May 5 (Reuters) - French telecoms equipment maker Alcatel-Lucent ALUA.PA reported a bigger-than-expected first-quarter loss on Tuesday. [ID:nL4365142]
Following are comparative first-quarter numbers from the world's three biggest mobile telecom equipment vendors, followed by a summary of the top global players in the sector:
Revenue (in millions of euros)
Q1 '09 Q4 '08 Q1 '08 yr-on-yr
pct change Ericsson ERICb.ST 4,691 6,343 4,180 +12 Alcatel-Lucent ALUA.PA 3,598 4,954 3,864 -7 Nokia Siemens [NSN.UL] 2,990 4,338 3,401 -12
Underlying operating profit margins (in percentage points)
Q1 '09 Q4 '08 Q1 '08 Ericsson 9.5 14.6 7.6 Alcatel-Lucent -7.1 6.0 0.9 Nokia Siemens Networks -4.1 5.2 2.4
Key players in the industry:
The Swedish company had a 32-percent market share at the end of 2008, down from recent years but still well ahead of rivals who have focused on integrating their businesses.
Through the 2005 acquisition of fixed-line communications maker Marconi, Ericsson further blurred the lines between the fixed and mobile sectors. Telecom carriers are cutting costs by offering the same services to fixed-line and mobile users.
Ericsson's first-quarter core profit fell more than expected due to weak margins in its key network business but the world's top mobile equipment maker said the global downturn had not hit the mobile network market that much yet. [ID:nLU13920]
NOKIA SIEMENS NETWORKS
The 50-50 venture of Nokia NOK1V.HE and Siemens SIEGn.DE started operations in April 2007 and has 23 percent of the market, but is focusing on improving profits and cash flow while fending off Ericsson and China's Huawei.
Last month the venture said it sees the market falling some 10 percent in euro terms in 2009. It had earlier forecast at least a 5 percent decline. [ID:nLG248661]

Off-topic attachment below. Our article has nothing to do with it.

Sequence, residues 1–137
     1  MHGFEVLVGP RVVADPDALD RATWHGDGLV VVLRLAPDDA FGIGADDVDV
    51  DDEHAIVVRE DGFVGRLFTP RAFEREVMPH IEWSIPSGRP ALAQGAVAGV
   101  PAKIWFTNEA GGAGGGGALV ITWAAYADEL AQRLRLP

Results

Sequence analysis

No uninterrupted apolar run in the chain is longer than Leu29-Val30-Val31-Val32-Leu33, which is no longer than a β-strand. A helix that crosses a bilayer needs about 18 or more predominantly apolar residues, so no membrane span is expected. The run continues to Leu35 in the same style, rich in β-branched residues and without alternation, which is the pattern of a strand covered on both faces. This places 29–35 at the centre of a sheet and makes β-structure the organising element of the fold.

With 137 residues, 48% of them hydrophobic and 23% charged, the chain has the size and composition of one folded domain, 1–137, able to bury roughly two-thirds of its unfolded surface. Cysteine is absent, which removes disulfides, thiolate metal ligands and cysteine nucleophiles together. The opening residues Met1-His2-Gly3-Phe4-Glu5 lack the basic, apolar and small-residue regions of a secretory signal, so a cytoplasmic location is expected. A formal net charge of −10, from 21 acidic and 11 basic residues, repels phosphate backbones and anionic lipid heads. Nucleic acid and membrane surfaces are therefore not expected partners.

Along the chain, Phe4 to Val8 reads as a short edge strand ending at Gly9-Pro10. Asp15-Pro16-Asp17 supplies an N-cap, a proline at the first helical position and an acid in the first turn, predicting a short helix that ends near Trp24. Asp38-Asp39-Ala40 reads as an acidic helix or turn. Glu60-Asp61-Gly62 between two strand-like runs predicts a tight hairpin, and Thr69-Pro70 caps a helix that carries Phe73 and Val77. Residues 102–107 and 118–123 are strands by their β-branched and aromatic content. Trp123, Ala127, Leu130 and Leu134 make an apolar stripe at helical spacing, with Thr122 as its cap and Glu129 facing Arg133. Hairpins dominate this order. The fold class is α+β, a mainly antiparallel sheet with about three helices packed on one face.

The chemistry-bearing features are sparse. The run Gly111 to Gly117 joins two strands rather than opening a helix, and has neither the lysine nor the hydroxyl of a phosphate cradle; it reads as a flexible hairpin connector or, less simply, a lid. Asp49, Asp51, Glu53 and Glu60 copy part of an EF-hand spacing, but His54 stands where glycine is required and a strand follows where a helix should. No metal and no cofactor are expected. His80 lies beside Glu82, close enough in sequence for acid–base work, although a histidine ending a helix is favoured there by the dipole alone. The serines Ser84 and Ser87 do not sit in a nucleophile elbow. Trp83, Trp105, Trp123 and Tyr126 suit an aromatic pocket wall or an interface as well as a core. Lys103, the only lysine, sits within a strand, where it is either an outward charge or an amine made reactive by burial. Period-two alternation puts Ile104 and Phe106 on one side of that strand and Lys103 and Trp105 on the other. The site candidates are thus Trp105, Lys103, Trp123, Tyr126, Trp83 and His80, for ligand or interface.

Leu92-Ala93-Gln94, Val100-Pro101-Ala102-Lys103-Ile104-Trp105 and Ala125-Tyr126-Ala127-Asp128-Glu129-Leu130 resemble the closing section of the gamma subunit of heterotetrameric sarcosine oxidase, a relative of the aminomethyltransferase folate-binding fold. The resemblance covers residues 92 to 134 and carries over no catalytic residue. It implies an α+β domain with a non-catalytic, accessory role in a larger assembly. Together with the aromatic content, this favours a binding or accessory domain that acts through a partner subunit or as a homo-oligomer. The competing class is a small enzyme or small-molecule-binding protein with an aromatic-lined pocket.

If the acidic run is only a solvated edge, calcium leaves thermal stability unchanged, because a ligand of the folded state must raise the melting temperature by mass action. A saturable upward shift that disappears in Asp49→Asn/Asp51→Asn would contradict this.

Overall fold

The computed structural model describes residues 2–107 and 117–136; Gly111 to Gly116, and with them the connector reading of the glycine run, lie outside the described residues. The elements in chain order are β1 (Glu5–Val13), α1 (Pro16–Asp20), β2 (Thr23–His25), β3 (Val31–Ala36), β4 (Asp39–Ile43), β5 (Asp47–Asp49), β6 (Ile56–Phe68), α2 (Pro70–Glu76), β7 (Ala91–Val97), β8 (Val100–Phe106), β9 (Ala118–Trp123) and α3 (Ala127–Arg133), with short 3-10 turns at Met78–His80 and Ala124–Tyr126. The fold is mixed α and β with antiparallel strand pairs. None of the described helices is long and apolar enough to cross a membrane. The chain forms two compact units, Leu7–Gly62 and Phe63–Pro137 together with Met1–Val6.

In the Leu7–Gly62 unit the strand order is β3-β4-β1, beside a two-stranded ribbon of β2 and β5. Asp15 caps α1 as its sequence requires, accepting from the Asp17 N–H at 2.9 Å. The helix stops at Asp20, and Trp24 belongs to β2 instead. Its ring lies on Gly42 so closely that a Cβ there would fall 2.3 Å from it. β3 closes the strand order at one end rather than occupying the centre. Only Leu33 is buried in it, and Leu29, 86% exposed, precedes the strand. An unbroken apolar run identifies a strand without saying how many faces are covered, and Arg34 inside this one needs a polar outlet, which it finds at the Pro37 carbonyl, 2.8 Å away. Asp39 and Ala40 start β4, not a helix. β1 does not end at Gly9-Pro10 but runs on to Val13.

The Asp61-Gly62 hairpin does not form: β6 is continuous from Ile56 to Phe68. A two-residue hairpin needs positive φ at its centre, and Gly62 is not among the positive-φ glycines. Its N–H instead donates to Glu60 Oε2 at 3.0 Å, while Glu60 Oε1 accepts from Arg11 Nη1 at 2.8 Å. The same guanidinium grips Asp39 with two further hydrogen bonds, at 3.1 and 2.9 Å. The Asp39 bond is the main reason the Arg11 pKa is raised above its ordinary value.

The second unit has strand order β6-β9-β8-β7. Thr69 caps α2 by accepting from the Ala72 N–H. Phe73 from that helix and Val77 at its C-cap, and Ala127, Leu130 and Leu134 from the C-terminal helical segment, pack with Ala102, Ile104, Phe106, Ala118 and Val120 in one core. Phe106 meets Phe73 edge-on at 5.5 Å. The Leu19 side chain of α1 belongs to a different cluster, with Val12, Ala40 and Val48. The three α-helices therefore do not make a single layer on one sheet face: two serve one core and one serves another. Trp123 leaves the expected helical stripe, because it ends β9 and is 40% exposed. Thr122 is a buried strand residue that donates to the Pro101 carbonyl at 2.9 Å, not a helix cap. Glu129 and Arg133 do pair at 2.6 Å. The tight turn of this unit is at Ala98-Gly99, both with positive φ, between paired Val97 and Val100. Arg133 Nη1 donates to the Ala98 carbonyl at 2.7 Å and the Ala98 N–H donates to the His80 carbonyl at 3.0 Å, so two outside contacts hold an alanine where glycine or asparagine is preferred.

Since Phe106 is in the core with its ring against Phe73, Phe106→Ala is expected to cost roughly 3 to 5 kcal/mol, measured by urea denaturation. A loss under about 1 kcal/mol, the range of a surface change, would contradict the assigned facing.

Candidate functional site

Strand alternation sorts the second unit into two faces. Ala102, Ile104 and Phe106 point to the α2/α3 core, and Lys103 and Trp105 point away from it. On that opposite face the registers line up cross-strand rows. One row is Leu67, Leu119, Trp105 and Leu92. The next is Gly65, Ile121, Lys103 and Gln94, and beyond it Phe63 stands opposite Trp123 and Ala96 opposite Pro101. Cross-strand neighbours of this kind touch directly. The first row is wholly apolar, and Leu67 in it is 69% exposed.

To boost its market share and get the business back into the black, Nokia Siemens is looking to buy assets from smaller rival Nortel, which has filed for bankruptcy protection. [ID:nLO570558]
The Franco-American group, created in December 2006, had a 14 percent market share at the end of last year. Its history has been dogged by weakening demand, merger-related costs, political infighting and uncertainty over product integration.
The loss-making group replaced its chief executive and chairman last year and new CEO Ben Verwaayen expects to report a net profit during 2010. The firm expects the market to fall 8-12 percent in 2009.
China's top telecoms gearmaker has grabbed 12 percent of the global market and could catch Alcatel-Lucent this year with aggressive pricing and state financial backing.
China's commerce minister said in March both Huawei and cross-town rival ZTE will see 2009 sales expand 30 percent. But the company is secretive and its ties to the state are one of the reasons the U.S. government nixed its plans to buy 3Com Corp COMS.O with Bain Capital last year.
The Canadian vendor fell behind Huawei last year and in the fourth quarter had 6 percent of the market. In January it filed for bankruptcy protection, blaming the economic crisis. Its stronghold is in CDMA technology, which has been popular in the Americas but is fading as the two largest operators there have cut investments, looking to newer, high-speed technologies.
China's second-largest telecom equipment maker shares the same hometown, Shenzhen, in southern China with larger rival Huawei. It also enjoys close ties to local government, which have helped it expand, first in developing markets in Africa and South America, but in recent years also in the more mature European and North American markets. It overtook Motorola MOT.N last year to become the 6th largest mobile gear maker, controlling 5 percent of the market.
Sources: Market share data from dell'Oro.
(Reporting by Tarmo Virki; Editing by David Holmes)